eac

    h si

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    his

    com

    pris

    ed 2

    4 p

    asse

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    vest

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    he r

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    r).

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    utho

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    stim

    ate.

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    oute

    s 1

    and

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    adja

    cent

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    3 w

    as lo

    cate

    d so

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    the

    sam

    e st

    and.

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    lter

    nati

    ng b

    etw

    een

    two

    row

    s Si

    tka

    spru

    ce a

    nd t

    wo

    row

    s Sc

    ots

    pine

    (de

    ad, p

    lant

    ed o

    rigi

    nally

    as

    a nu

    rse

    spec

    ies)

    .

    06 cpg030 11/6/03 12:21 pm Page 347

  • 348 FORESTRY

    Unt

    raffi

    cked

    area

    Sin

    gle

    soil

    core

    and

    aug

    er h

    ole

    mea

    sure

    men

    ts

    Soi

    l res

    ista

    nce

    to p

    enet

    ratio

    n

    Sla

    sh r

    oad

    clea

    red

    toal

    low

    acc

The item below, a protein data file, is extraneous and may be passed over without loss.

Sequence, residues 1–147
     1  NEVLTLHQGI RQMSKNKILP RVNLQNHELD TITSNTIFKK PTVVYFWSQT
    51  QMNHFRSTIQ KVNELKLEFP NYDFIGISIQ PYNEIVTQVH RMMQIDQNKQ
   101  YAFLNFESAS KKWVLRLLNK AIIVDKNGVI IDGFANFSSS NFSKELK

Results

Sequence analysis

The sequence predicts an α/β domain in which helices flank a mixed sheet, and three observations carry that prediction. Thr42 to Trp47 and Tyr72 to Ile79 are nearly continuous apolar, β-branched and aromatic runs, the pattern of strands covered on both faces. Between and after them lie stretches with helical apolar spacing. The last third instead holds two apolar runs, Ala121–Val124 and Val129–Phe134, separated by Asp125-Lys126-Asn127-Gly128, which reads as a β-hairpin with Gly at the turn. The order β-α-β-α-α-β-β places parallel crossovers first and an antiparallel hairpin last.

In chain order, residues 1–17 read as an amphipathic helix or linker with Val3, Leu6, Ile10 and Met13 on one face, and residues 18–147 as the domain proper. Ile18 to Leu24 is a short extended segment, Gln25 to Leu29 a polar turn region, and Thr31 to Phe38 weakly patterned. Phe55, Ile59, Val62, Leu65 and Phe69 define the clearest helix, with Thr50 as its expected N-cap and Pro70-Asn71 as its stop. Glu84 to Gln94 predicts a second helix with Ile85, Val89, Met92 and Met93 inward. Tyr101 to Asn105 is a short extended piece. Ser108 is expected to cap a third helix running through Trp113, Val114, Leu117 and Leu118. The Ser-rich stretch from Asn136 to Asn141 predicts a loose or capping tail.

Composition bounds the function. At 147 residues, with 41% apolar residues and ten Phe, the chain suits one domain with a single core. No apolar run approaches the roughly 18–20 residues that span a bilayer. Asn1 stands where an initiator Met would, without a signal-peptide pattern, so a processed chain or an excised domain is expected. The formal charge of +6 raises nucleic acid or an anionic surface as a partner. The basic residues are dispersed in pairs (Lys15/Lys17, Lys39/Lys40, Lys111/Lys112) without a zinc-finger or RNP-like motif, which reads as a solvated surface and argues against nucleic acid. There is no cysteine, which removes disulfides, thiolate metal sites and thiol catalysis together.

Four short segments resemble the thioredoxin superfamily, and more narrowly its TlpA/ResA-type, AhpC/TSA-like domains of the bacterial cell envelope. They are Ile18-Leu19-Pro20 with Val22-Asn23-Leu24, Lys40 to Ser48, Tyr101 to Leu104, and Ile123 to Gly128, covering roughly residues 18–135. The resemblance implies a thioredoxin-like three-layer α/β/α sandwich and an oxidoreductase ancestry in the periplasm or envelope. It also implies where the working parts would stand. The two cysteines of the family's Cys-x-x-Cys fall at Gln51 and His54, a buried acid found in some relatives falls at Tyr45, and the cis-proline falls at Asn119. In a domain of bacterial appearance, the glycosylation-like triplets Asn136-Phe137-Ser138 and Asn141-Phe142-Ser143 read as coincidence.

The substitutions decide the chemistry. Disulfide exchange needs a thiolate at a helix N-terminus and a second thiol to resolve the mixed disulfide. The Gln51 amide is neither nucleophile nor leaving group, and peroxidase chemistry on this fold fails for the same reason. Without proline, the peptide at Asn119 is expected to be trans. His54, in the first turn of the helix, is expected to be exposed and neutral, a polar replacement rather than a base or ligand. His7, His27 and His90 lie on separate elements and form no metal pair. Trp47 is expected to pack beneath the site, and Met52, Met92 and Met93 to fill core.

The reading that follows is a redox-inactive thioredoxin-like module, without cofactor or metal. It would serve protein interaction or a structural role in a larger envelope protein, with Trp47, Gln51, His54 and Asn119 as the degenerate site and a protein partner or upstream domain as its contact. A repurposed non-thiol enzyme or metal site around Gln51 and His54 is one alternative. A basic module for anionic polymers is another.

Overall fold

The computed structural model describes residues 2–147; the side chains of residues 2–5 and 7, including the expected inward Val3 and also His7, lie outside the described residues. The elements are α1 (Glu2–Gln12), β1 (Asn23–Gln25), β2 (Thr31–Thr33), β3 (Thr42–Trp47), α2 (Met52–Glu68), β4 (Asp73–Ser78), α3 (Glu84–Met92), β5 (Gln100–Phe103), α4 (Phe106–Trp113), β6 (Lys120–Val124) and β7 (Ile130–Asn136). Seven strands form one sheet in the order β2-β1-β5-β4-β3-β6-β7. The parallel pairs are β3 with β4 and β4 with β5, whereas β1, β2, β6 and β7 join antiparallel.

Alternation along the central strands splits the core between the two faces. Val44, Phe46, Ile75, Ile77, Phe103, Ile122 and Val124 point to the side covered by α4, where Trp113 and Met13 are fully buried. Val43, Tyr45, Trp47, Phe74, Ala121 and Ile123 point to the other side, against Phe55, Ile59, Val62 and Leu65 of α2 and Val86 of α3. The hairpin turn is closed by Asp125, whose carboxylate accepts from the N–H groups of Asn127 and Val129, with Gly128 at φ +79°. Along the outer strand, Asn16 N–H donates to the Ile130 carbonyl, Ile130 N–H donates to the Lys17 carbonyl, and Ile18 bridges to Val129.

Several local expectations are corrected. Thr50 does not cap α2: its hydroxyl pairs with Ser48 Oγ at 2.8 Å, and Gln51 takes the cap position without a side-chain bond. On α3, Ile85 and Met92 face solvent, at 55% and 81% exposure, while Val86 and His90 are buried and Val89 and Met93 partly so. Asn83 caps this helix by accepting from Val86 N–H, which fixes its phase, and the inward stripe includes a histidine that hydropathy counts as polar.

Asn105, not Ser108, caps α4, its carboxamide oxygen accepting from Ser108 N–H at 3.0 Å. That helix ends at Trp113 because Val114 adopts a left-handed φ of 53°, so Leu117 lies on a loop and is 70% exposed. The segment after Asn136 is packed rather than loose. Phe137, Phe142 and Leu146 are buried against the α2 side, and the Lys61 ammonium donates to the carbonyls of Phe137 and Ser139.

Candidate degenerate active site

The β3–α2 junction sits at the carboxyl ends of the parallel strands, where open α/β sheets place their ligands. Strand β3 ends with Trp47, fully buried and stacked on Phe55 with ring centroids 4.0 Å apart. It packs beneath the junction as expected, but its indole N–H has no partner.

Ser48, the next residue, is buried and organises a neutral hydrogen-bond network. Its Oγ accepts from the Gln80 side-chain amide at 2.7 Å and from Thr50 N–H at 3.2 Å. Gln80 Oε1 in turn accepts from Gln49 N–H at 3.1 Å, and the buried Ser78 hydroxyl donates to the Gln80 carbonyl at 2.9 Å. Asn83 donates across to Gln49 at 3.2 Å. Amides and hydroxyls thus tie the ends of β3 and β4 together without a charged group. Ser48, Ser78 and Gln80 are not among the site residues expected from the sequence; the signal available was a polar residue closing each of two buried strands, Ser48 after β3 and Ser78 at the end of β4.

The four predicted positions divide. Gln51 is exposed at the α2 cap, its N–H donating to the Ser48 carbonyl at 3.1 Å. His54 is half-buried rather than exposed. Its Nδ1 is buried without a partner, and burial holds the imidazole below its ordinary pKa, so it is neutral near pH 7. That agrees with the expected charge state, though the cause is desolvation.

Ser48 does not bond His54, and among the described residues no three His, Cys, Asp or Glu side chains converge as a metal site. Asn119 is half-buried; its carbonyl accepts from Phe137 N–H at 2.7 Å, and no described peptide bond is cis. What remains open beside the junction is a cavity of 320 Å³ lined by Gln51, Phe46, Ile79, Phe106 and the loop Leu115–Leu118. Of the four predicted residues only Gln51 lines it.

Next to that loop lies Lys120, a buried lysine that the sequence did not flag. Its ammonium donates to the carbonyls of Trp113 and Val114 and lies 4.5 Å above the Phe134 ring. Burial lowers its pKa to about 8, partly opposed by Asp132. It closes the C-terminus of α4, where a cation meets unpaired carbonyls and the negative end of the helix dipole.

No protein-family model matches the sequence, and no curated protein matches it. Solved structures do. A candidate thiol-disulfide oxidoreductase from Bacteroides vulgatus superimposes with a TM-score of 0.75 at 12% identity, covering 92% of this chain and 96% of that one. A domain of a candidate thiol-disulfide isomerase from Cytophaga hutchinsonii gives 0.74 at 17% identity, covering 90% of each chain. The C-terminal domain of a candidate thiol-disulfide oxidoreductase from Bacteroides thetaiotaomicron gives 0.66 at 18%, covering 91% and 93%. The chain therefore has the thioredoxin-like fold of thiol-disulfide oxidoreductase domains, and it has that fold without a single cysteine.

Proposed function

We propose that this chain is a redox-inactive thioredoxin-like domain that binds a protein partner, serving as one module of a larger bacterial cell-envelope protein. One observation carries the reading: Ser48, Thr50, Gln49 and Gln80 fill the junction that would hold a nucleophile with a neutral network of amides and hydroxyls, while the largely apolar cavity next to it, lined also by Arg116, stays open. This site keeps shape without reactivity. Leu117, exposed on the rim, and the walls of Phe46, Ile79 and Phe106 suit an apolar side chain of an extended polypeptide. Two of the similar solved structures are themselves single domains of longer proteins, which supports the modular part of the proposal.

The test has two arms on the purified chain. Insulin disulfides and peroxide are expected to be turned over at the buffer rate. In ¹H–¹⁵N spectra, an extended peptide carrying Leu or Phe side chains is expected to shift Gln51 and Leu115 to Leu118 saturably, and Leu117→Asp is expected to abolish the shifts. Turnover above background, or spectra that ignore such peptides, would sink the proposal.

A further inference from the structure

ess

    togr

    ound

    /soi

    lsu

    rfac

    e

    1 m

    3 m

    10-

    16 m

    150

    m

    Fron

    t

    Bac

    k

    Prim

    ary

    extr

    actio

    nro

    uteIncreasing numbers of

    machine passes

    S

    econ

    dary

    ex

    trac

    tion

    rout

    e

    4 m

    Sam

    ple

    unit

    Sla

    sh r

    oad

    Gro

    und

    surf

    ace

    prof

    ile

    Plo

    t

    *rig

    ht a

    nd le

    ft w

    heel

    trac

    ks a

    s vi

    ewed

    from

    the

    back

    of e

    ach

    seco

    ndar

    y ex

    trac

    tion

    rout

    e.

    Rig

    ht*

    lef

    t*w

    heel

    trac

    ks

    Figu

    re1.

    Des

    ign

    of t

    he e

    xper

    imen

    tal

    plot

    at

    each

    sit

    e.

    06 cpg030 11/6/03 12:21 pm Page 348

  • observation of the intact soil cores collected atthis site see below), a pit profile description wasnot undertaken. Particle size distribution for themineral horizons (sites 1 and 36) remained con-sistent from site to site (Wood, 2001), where thetextural class was predominantly silty clay (withoccasional loamy texture). During each trial,daily observations of the water level in augerholes (n = 5) showed that the mineral (AE)layers at sites 1 and 36 (peaty gley soils) weresaturated. At site 2 (deep peat soil) the water-table remained, on average, 30 cm below theground surface.